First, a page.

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  • Writer's pictureBryan Jun

Downtown Chicago 6/6/21

In an effort to help him learn English (he's actually relatively fluent but wanted to become more comfortable engaging in "American" discussions" - ironically, I'm technically an immigrant myself), I started an "English only" hangout with my friend "Bob." I usually speak to Bob in Korean, which if you're a bilingual person yourself you'll understand what I'm about to describe, so the first five ten minutes were a bit awkward. When you switch languages forcefully, especially with someone you've only spoken another language with, you require a form of a "rebooting" period. It's similar to updating your computer, switching between MacOS and Windows if you're into that kind of stuff.

Paul was actually a lot more fluent than I expected, as he severely downplayed his language skills when we were first floating around this idea. We met back in November and stayed pretty close friends since, but this was the longest we've ever spoken 1-on-1. The fact that our first "intimate" conversation was in a language we've never spoken to each other in was an odd thought. What was even more strange, and I expressed this to him at the end of our hangout, was that although his language barrier was higher than when we previously interacted, I felt like I knew more about him yesterday than I ever did before. Perhaps it speaks to his English being better than my Korean - time to go back to binging Netflix Korean shows.

On our walk we ran into three separate conversations with strangers, all of which were quite unique in nature and symbolically meshed well with the purpose of our little get together.

  1. During our walk in Millenium Park (for those of you not aware of Chicago lingo, this is where the "Bean" is and basically where Lollapalooza is held), we ran into a man clearly in panic asking us if we were from Chicago. I'll be honest and say I lied here because Bob and I were amidst a pretty serious conversation so I didn't have the mental real estate to explain where I was really from. After hearing that we were from Chicago (once again, neither of us are), he asked if we knew how to find a certain parking structure that he parked at and couldn't locate. I actually experienced this exact problem before and suddenly had an urge of shared frustration - the parking lot is extremely difficult to find once you're on the surface (it's basically under Millenium Park). I tried my best to explain that you had to get out onto the road and take an elevator down - our guy seemed extremely thankful for what I thought was a rather unhelpful tip. Not to put too much meaning in a 5 minute conversation, but I think human beings are easily pleased in desperation. I hope you found your parking space!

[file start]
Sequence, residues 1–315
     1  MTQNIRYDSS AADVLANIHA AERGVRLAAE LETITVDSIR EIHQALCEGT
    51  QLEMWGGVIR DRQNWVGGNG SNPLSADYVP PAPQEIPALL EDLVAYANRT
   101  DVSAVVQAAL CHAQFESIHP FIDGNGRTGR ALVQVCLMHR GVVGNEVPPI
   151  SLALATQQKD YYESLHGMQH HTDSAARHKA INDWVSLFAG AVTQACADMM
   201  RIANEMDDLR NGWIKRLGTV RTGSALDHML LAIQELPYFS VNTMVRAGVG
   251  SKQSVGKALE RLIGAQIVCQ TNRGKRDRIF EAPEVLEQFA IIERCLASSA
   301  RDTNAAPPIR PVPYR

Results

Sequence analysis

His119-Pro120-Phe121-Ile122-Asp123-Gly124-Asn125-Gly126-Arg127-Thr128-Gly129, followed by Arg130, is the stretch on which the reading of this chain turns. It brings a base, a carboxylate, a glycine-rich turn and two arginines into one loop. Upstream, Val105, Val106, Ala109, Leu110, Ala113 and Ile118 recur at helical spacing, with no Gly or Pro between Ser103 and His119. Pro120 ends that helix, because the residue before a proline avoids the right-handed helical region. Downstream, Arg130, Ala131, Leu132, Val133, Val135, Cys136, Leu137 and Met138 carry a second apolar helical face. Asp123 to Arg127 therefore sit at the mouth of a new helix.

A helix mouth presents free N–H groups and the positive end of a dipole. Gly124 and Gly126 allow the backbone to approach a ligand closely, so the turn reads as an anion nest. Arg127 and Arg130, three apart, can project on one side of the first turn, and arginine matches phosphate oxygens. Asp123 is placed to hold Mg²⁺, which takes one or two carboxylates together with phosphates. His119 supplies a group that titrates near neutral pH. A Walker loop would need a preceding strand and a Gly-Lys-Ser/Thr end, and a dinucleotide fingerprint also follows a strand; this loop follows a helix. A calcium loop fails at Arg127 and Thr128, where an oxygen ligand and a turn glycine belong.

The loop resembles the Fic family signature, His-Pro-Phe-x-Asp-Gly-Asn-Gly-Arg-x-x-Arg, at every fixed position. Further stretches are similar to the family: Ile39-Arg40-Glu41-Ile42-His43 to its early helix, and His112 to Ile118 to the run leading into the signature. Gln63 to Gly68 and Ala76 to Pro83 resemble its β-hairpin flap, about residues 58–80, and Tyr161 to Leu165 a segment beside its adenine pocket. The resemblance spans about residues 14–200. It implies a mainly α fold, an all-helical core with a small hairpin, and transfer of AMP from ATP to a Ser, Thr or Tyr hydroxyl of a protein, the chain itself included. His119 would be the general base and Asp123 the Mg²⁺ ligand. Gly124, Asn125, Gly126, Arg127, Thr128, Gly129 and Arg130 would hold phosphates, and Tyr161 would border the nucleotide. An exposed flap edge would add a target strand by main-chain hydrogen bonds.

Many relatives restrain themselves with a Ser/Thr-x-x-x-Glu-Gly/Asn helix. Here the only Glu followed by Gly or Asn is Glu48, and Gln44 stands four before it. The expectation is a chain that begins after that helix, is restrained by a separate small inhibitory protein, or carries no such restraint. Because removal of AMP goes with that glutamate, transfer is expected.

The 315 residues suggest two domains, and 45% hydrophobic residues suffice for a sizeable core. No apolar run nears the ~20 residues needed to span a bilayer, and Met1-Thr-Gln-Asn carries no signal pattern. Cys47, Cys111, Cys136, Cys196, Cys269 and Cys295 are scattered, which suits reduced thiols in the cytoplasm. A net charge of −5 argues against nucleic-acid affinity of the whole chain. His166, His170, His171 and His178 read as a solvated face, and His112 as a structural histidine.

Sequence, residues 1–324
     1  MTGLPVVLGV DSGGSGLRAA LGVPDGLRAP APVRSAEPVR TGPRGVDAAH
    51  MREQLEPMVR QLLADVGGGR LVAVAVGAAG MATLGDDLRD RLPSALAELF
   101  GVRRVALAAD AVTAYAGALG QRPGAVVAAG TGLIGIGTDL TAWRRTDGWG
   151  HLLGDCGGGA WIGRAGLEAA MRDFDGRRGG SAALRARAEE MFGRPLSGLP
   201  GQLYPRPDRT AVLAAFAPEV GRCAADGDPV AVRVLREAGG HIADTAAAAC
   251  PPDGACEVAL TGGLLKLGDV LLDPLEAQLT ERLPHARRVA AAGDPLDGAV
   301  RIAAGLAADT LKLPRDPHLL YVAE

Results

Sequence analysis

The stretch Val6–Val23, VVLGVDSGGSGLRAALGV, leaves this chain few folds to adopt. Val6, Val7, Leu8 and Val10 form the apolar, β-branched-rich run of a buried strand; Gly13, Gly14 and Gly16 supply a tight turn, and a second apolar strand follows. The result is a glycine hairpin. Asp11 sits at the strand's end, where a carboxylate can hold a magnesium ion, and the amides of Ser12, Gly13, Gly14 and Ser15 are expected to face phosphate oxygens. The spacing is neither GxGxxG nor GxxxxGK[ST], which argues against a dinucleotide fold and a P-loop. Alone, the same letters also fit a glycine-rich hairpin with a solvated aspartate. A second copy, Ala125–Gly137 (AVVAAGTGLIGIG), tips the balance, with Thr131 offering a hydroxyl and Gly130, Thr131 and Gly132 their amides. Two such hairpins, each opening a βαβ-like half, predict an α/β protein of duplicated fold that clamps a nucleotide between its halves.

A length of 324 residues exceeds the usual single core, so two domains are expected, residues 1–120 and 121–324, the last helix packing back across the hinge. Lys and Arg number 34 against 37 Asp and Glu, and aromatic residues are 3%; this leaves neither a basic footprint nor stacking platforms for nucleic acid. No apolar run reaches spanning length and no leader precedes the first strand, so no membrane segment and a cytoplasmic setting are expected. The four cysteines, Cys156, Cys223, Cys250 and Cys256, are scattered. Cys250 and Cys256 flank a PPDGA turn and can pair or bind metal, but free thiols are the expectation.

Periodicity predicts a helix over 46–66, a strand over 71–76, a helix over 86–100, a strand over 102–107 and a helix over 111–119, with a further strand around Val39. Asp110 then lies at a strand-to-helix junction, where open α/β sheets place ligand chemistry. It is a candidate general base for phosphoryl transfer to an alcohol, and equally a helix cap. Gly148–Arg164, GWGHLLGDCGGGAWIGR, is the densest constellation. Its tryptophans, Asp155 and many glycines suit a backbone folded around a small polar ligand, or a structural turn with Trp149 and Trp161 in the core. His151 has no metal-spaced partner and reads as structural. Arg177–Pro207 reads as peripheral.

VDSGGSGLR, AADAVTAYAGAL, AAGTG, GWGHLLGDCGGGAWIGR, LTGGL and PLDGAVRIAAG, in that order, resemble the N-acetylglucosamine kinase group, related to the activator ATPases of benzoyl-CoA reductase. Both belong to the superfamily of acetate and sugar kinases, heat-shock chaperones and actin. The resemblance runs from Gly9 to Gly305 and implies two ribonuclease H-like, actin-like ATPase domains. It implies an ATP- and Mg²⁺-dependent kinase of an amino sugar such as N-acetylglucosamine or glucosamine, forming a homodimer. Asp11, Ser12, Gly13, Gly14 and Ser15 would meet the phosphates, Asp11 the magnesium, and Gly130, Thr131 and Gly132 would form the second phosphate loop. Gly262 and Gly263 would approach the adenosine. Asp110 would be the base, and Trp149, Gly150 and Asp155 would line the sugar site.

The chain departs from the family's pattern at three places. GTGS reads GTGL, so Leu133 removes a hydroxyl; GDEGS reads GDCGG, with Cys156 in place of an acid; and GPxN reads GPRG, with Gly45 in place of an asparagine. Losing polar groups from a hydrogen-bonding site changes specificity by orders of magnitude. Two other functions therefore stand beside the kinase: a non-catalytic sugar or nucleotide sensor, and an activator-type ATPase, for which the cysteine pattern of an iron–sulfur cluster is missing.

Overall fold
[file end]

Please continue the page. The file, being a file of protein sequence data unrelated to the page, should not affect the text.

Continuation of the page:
2. I'll preface this one by saying I fully acknowledge this is a weird flex. We walked into a Walgreens because Bob wanted to get a Diet Coke (I'm not sure why anyone drinks these). As we're walking to the drinks section, someone taps on my shoulder and asks "do you make Youtube Videos?" I've had this only twice before, both times (unsurprisingly) being college-aged boys. This time was no different and he went on to say how he recently graduated college and was thinking about jumping into finance. He then asked my name (which I thought was funny, he probably watched that one video of mine that everyone watches) and I told him about three times during our conversation to stop watching my videos. I think that's my defense mechanism for this niche "fame" that I have or a sad attempt to cover up the immense joy and adrenaline rush that anyone would get from being recognized in public (or I'm just weird). We then took a picture together and did a COVID fist bump - hope your career treats you well bro from New Jersey.

  3. I actually found this last one the most fascinating - and this was actually a conversation, not an panicked inquiry or F-Class celebrity meetup. We stopped at the River Walk to cool off and an older lady (she was clearly the matriarch of this giant family she was leading) asked us where we were from, pointing at my UC San Diego t-shirt. She was also from California; after our brief conversation on our geographic roots, she asked if we were doctors (Bob's a consultant and as many of you know, I'm "growth at startup). I noted that I'd love to be a doctor to which she replied "you guys look like my doctor and my daughter's dentist." I took that as "you guys look Korean" and then went through this deep internal thought spiral about how I should've just pursued pre-med during college. As many of these conversations go once the elephant in the room is addressed (about where I'm really from - which I actually don't find to be a racist discussion as many do, I'll write about that another time), the lady let us know how obsessed her granddaughter is with BTS. Her daughter (probably a couple years older than me) stepped in and noted how she was also obsessed with them and then both of them noted how neither Bob or I looked Korean (I get this a lot). My one takeaway from this interaction was a subtle reminder of how much I love California and how grateful I am to go back.

I think this actually might turn into a series - I will say yesterday was a bit of an anomaly in terms of the diversity of interactions I had. But, I do run into a lot of interesting people wherever I am and as I've always told my mother, my ideal job would be to eat three new meals a day with three strangers and get paid for it. Hope to run into y'all soon!

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